Luna left town a year or so ago, selling his restaurants, running away to the glitter, glamour and nudity of Las Vegas. Then, weirdly, he returned to our area to open a restaurant in Hogansville, of all places. The restaurant, across from the "big hotel" in Hogansville, is called Chef's Table, but has no name on it.
I ran into Luna at my favorite lunch spot, Sundown Cafe, recently. When I expressed incredulity that he'd hidden himself in a tiny town well north of the city, he assured me that he was very happy. "I am so relaxed," he said. "But the best thing is that I can cook like I want to."
I asked him what he meant.
"I just got very sick of the marketing part of cooking," he said. "Atlanta has become one of those places dominated by trends. Everything has to be trendy, complicated in a pointless way. I just got back from New York and when you eat in a good restaurant there, you have a piece of fish and a potato with some vegetables. It's none of this trendy bullshit anymore. I'm cooking very simple food at my new restaurant, for maybe 12 people in an evening. I love it."
"Well," I said, "speaking of trends, you really started the tapas trend here in Atlanta. We can't avoid the things any more."
"Yes," he said, "but it's the same problem. The more they are done, the trendier they get, the more they get away from what they should be -- simple, straightforward, inexpensive, uncomplicated small portions."
Indeed. Too often, tapas have become a marketing technique to push small plates of overpriced food on trend- seeking Atlantans. Having spent nearly four months in Spain during the last year and becoming an aficionado of the Andalusian style of grazing, I've often raged here about the way tapas are misrepresented. A tapa should be a few bites of food to eat with wine and should cost only a few dollars. A larger portion, enough for two people, is a media racion. It is not a tapa.
I'm afraid I have the same complaint about the tapas at the otherwise delightful Sweet Devil Moon in Oakhurst (350 Meade Road, Decatur, 404-371-3999). This is Peruvian cuisine and, of course, the Peruvians do not even eat tapas, so you know from the moment you enter the restaurant, that you're part of a marketing experiment. Sure, I like that you get to sample Peruvian cuisine this way. But I don't much like spending $30 per person to get a thorough sampling of food served in portions larger than actual tapas.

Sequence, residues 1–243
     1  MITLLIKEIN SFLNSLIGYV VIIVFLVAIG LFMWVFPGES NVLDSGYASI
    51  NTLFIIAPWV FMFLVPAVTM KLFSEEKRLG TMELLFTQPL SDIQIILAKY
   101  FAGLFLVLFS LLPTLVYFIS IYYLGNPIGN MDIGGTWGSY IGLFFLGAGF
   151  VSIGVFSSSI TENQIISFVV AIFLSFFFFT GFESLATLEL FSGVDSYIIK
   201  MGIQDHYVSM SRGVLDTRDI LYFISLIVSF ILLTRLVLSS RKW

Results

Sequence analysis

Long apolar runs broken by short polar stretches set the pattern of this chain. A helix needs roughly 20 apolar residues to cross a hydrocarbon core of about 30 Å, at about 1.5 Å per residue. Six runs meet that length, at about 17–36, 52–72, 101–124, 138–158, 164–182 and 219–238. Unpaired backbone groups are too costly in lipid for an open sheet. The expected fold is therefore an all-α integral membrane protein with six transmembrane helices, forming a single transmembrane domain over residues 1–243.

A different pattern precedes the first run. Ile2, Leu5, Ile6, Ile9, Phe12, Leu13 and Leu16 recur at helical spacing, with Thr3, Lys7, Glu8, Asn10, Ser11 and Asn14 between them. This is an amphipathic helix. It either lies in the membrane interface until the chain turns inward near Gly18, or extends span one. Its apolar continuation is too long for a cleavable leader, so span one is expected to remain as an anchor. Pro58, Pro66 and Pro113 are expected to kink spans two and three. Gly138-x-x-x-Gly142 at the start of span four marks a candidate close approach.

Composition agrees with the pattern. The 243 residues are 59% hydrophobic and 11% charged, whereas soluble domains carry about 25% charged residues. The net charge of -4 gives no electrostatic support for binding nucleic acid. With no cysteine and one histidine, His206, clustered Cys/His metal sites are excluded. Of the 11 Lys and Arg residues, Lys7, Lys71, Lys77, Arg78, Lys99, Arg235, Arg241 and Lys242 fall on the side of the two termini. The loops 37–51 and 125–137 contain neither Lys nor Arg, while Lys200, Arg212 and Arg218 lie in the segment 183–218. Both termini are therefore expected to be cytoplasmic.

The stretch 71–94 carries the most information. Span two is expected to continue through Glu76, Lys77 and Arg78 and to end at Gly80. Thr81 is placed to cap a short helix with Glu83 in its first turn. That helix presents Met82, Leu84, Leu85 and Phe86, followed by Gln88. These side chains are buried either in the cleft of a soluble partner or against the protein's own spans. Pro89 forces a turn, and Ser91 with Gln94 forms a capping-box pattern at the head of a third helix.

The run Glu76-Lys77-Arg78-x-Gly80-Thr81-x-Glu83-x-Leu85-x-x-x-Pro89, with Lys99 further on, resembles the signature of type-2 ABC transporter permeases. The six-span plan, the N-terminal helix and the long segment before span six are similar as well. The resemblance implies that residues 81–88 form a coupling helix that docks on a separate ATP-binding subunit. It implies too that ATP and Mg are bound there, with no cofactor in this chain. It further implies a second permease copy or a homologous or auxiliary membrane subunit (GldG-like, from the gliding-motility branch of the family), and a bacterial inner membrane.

The space is groovy -- heavily draped, hung with art and filled with banged-up furniture and tables. There's a cozy bar area where diners, including a handful of young Peruvians, await tables. Everyone swills pisco sours -- a Peruvian cocktail served over a bubbling vase that makes it look like a Rocky Horror Picture Show prop.
I visited with my friend Tommy Brown on a Saturday night. Unfortunately, we were seated at the table close to the evening's jazz trio, Esquina de Luao. They have a great sound -- when they lower their volume and you move, as we did, to a table on the other side of the restaurant.
The food ranges from the mediocre to the very good. I especially loved the yuca rellena -- globes of fried mashed yuca containing a sweet filling of raisins and chicken ($4.95). Ditto for skewers of seasoned chicken served with a bit of sweet potato and the restaurant's ubiquitous jalapeño sauce ($4.95), a fiery but creamy concoction that becomes quickly addictive. I disliked the evening's special, a large tamal which, contrary to its description, was not the least bit moist ($4.95). It reminded me a bit of taro paste -- sticky and dry but gooey, with a filling of chicken, olives and eggs that was way too skimpy.
Jalea is fried calamari, octopus and shrimp ($4.95). It's decently done and served with the jalapeño sauce plus a very unpleasant sweet tamarind sauce. A little plate of bland paella is grossly overpriced at $7.95. Order the pepian de pollo instead. It's chunks of fried chicken over rice turned slightly green by its seasonings ($4.95).
Shelled mussels are served in a bowl tossed with red onions, tomatoes, corn and jalapeños ($4.25). There's way too much onion and too few mussels, but it's fine for scooping onto saltines. The asado, described as beef stew, is really just a chunk of pot roast ($4.55), flavorful enough but I think you'll much prefer the classic lomo saltado, sauteed beef with onions, tomatoes and French fries ($5.25). Also recommended: marinated octopus ($4.95), shrimp chowder ($6.95) and chicken soup ($3.95).
The favored regular dessert is a coconut-enriched flan ($5.95), but the restaurant also prepares, as a special, a wonderful tres leches.
E-mail Cliff Bostock or call his voice mail at 404-688-5623, ext. 1504 with restaurant comments.